Alexandra Karakashian

‘A Rhythm for Falling’ exhibition at Sabrina Amrani Art Gallery

You can now virtually visit Alexandra Karakashian’s last show at our gallery in calle Madera. 3D complete show!

Alexandra Karakashian participates in the group show Material Insanity at MACAAL, Marrakech

From february 26th to september 22nd, Alexandra Karakashian participates in Material Insanity, a group show at the Museum of Contemporanean Art Al Maaden (MACAAL). The show is an exploration of different and diverse materials and their symbolism.

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Listen to the artist Alexandra Karakashian talking about her practice

“I often think that when I am making a painting is a process of becoming something”, explains Alexandra Karakashian about ‘Umbecoming’, the works exhibited in 2017. The way her works cohexists in the spaces aren’t random at all: “I like to make my work quite specific for the space. I think of how things exist in space”, says the artist. Her favourite materials: engine oil and salt either on canvas or paper. Also on textiles. “As a material, I think it (oil) has a weight on surfaces, it has a weight on the world. Its heavy, it falls. And the salt too”, continues. “People always ask me what is it, I see this or that… I think that’s great but why do you need to see this as something you know? Why can’t exist in space as something that is unfamiliar, something that makes us slightly uncomfortable? (…) I try to break the boundary between me and the land. It’s just one thing”.

Sabrina Amrani will present Alexandra Karakashian at ARCOlisboa 2019

Sabrina Amrani’s gallery will be in ARCOlisboa showing the last works from Alexandra Karakashian, a South African artist originally from Armenia. Her works, clearly marked by a very special process and key materials like engine oil and salt, will be at the fair from May 15th to 19th.

Unbecoming - Karakashian talks about her work

By using engine oil and salt as main ingredients for her work, South African artist Alexandra Karakashian includes symbolism in her paintings. The technique, explains the artist, is more about removing the oil until she gets the shapes she is looking for. In this special occasion, Karakashian's paintings are accompanied by a Kanya Mashabela's poem that "describes" her work.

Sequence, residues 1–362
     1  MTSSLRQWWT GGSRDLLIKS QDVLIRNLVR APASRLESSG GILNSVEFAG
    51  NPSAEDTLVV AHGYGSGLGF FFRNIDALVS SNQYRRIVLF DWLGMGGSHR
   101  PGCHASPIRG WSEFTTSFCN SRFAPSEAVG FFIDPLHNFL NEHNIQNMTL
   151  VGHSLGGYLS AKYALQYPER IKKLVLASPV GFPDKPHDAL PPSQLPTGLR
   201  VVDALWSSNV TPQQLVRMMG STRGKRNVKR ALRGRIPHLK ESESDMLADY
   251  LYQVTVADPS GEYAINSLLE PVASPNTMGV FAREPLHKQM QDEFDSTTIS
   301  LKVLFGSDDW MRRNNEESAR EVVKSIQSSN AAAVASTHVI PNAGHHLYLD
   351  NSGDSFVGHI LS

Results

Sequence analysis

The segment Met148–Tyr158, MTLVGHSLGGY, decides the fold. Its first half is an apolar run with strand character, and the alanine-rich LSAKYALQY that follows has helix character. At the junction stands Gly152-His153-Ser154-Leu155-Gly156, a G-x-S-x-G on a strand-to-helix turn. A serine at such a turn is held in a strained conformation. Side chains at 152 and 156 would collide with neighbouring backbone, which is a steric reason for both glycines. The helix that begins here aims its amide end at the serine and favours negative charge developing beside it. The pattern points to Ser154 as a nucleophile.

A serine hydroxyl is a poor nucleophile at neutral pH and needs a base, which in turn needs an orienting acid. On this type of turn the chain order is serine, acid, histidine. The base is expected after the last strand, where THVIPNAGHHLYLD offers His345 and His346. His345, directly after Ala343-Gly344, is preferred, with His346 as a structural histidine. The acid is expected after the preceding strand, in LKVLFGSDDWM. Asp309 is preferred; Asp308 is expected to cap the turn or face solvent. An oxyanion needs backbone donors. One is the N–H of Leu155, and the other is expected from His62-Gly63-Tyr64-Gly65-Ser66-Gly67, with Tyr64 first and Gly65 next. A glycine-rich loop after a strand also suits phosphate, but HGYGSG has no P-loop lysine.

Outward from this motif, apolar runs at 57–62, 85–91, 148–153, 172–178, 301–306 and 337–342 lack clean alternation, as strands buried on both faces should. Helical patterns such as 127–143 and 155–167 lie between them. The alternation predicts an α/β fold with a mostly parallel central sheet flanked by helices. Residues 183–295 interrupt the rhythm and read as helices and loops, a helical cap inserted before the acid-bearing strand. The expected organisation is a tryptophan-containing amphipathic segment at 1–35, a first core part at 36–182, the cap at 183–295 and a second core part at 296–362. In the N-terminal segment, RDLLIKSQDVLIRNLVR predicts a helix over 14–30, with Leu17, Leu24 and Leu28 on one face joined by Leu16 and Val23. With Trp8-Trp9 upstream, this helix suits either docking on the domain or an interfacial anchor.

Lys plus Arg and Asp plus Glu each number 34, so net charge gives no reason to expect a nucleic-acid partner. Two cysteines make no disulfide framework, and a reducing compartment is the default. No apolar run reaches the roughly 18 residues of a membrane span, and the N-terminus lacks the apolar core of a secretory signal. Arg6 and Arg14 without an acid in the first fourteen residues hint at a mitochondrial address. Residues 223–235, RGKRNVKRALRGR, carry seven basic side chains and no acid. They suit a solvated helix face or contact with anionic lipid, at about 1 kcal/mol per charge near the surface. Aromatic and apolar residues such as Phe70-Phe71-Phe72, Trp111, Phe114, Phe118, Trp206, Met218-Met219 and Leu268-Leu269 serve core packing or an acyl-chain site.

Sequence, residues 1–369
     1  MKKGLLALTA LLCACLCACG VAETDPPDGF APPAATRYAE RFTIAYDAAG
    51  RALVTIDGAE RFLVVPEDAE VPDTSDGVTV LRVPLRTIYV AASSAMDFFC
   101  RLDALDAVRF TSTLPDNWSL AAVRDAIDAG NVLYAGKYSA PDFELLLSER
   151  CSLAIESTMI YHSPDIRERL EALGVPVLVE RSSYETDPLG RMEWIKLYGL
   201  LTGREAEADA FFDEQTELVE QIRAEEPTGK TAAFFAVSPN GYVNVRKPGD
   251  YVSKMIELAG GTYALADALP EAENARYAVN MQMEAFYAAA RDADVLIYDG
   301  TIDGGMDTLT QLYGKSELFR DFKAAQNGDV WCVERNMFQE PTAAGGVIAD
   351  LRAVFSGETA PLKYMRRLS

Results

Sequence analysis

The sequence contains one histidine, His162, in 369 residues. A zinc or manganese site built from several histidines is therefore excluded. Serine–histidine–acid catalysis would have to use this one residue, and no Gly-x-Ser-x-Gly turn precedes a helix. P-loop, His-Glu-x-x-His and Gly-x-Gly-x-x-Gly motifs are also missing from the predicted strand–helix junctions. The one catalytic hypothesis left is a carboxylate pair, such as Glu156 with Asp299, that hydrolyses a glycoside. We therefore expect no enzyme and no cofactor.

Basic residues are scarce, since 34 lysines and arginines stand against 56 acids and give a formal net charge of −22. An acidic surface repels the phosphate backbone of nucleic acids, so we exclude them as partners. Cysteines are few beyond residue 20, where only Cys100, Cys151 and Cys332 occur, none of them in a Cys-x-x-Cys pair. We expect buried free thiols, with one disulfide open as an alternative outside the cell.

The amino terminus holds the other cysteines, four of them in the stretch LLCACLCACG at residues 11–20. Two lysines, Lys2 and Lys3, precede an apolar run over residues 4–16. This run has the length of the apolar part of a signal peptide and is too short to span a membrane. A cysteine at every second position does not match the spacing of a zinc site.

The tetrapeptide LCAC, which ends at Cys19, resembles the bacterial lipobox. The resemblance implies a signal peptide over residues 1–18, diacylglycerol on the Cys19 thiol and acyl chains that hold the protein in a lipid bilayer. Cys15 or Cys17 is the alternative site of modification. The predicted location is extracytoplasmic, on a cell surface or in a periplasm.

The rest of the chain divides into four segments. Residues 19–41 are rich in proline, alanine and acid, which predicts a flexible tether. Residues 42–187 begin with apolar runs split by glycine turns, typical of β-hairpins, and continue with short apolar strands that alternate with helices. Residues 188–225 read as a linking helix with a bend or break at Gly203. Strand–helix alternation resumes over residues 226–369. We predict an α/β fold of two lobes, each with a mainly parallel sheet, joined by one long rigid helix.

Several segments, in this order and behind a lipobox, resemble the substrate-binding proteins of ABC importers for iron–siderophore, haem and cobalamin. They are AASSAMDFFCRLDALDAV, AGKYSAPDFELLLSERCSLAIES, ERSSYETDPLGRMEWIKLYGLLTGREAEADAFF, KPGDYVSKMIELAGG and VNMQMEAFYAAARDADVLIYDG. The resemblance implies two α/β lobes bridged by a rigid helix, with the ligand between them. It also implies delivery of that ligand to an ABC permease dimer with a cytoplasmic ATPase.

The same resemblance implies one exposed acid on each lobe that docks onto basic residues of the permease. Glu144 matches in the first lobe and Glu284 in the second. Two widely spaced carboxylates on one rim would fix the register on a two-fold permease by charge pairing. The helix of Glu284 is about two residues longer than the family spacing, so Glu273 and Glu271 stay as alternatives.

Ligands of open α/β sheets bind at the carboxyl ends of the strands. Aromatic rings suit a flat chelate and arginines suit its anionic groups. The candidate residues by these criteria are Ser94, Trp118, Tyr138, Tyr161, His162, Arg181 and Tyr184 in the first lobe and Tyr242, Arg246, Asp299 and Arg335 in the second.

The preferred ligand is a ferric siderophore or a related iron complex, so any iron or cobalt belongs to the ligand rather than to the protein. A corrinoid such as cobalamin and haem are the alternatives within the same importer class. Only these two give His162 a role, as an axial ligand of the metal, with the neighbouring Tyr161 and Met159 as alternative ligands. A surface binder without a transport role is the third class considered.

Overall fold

10 artists on their 2018 discovery

A review about Alexandra Karakashian's work, among the most interesting South African artists in 2018.

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ArtAfrica Magazine - Such Sweet Thunder: Alexandra Karakashian and the Catastrophic Imagination

"Alexandra Karakashian’s rise to celebrity status was rapid, as her debut coincided with the international resurgence of interest in abstraction. However as the SMAC exhibition ‘GROUND’ reveals, her paintings are an acquired taste for she is utterly uncompromising: refusing point-blank to make any concessions, or woo the viewer with blandishments". Writes Lloyd Pollak. Read more below.

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Artthrob Magazine: 'A Dark Ascending Horizon'

In her monochromatic studio, on a greyscale day, Alexandra Karakashian pours a cone of salt into the upturned lid of a jar. The lid holds a layer of liquid that resembles treacle or tar. She tells me that it is sump, used motor oil, which she sources from a network of generous, inner-city mechanics.

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Artthrob Magazine: In Context: Frieze London and 1:54

Frieze London and 1:54 Contemporary African Art Fair were both open in London over the same four days (4 – 9 Oct, 2016), presenting the perfect opportunity to reflect on the way context influences engagement with a work, in two settings that were at once similar and vastly different.

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About reductive painting

Artist Alexandra Karakashian shows the practice of her technique in this video. See how the shapes come out while she removes the oil.